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$5.7 million will help kids with cancer: Levine Children’s Hospital to create a pediatric cancer research program. [The Charlotte Observer, N.C.]

Feb23

Feb. 24Experimental cancer treatments for children who have run out of other options are becoming available at Levine Children’s Hospital thanks to $5.7 million in gifts from eight charities and families in Charlotte.
The gifts, announced Tuesday, will create a pediatric cancer research program to offer experimental drugs to children who have cancers that recur after initial treatment fails. Until now, these children and their parents have had to travel to other medical centers, often out of state, for help.
Officials of the 2-year-old children’s hospital, which also offers bone marrow transplants, hope the research program will not only keep local patients in Charlotte but attract others and boost its national profile. "Our vision is to have referrals from outside our immediate area," said Dr. Javier Oesterheld, director of developmental therapeutics. "Our goal is to become a destination site."
The group of donors, called Carolinas Kids Cancer Research Coalition, includes the Leon Levine Foundation, whose $10 million gift helped build the children’s hospital, which is part of Carolinas Medical Center. For the research program, the Levines promised $1.85 million to match the total of other donations.
The second-largest gift is $1million from the Alex Hemby Foundation and the family of the late Torrence and Hilda Hemby. The Pediatric Hematology and Oncology Center will be named in memory of Torrence Hemby, and an endowed fund will be created in his honor.
Other commitments are $500,000 from the Adam Faulk Tanksley Foundation; $300,000 from the Baby J Ladley Fund; $300,000 from the Quail Hollow Championship; $250,000 from drumSTRONG; $250,000 from Brett’s Ride for Rhabdo; and $250,000 from 24 Hours of Booty.
As part of the new pediatric research program, doctors at Levine Children’s will be able to offer so-called Phase I trials, which are initial studies of new drugs and treatments. Even before Tuesday’s announcement, the program began offering two such trials for patients with recurrent leukemia or neuroblastoma, a cancer of the nerve cells.
Four patients already have enrolled, including one who is having an "excellent response," Oesterheld said.
The closest centers that offer similar trials for those diseases are Memorial Sloan-Kettering Cancer Center in New York, St. Jude Children’s Research Hospital in Memphis or Children’s Hospital Boston, Oesterheld said.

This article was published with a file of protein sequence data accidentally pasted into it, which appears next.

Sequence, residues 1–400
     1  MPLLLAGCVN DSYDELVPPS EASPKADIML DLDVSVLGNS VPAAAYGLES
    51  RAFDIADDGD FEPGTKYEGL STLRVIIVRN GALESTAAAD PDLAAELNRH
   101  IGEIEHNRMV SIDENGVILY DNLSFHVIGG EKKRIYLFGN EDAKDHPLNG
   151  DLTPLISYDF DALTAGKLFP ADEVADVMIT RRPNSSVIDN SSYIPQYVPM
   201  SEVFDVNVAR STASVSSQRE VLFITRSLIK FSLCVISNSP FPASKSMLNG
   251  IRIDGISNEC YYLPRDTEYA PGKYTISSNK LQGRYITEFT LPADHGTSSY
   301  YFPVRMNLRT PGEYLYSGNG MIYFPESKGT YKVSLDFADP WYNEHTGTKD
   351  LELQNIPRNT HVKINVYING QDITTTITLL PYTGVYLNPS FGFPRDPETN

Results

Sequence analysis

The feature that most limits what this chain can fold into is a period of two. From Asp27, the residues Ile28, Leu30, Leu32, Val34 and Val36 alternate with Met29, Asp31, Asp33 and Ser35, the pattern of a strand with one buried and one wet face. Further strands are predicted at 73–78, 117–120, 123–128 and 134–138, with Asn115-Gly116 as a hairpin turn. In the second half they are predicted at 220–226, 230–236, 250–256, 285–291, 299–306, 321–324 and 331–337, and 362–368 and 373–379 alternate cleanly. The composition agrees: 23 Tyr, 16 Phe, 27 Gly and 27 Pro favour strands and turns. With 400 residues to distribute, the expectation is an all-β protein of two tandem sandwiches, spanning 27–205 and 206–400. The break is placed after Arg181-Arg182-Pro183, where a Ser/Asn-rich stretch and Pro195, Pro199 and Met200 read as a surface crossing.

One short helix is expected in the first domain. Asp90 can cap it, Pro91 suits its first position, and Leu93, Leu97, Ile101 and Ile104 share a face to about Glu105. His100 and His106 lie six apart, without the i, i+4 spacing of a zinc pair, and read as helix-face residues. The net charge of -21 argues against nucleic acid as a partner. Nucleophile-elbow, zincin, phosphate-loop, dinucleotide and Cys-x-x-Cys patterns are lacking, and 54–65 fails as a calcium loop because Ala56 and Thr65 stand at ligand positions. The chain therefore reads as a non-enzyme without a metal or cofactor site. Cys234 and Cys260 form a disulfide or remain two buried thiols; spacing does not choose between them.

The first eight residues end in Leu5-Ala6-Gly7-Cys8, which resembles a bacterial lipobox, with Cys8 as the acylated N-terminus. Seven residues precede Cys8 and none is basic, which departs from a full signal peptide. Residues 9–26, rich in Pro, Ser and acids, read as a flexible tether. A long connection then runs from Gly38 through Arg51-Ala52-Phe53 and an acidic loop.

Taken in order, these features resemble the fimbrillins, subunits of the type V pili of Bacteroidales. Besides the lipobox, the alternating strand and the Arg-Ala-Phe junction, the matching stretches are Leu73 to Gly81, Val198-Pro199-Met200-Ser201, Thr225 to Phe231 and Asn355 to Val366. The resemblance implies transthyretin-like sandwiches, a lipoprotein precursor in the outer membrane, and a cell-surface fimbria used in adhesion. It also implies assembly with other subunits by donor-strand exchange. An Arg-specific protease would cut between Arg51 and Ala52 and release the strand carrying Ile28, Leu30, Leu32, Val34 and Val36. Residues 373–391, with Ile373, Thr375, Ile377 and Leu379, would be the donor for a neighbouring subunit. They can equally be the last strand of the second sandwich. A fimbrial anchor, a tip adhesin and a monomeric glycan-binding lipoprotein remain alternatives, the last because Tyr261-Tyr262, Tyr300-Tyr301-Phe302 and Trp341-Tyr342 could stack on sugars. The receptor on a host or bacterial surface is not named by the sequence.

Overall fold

"Those patients were headed there, and we were able to offer something closer to home," he said.
Unlike adults, most children with cancer are treated as part of clinical trials, where their treatment is closely supervised. Researchers collect data on outcomes and side effects so that treatments can be improved in a methodical way.
"The advances we’ve made in pediatric oncology have come through this very careful adherence to protocol," said Dr. Ian Davis, a pediatric oncologist at UNC Chapel Hill’s Lineberger Cancer Center.
UNC and Duke are among medical centers in the Carolinas that also offer clinical trials for children with cancer, but UNC offers only one Phase I study and Duke has none at this time. Davis said it was good to hear that the Charlotte program will focus on Phase I trials. "We all are sometimes disappointed when we have to send patients to New York or Philadelphia to get therapies that we could conceivably deliver here."
The goal of Phase I studies is not to cure illness, but to find out the safest dose of a new drug by trying it out on a limited number of patients, usually 10 to 15. Later studies, called Phase II and Phase III trials, include larger numbers of patients and focus on determining the effectiveness of a treatment and comparing it to approved therapies.
Former cancer patients and their parents and representatives from the donor groups celebrated Tuesday’s announcement by mingling and taking pictures in the children’s hospital’s glass-walled atrium.
Bevie Hemby, one of three daughters of Torrence and Hilda Hemby, said her family wanted to honor their father, who died in 2008. "It would make him smile to know that these children can stay in their own hometown and get care in the hospital that he always believed in."
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Copyright (c) 2010, The Charlotte Observer, N.C.
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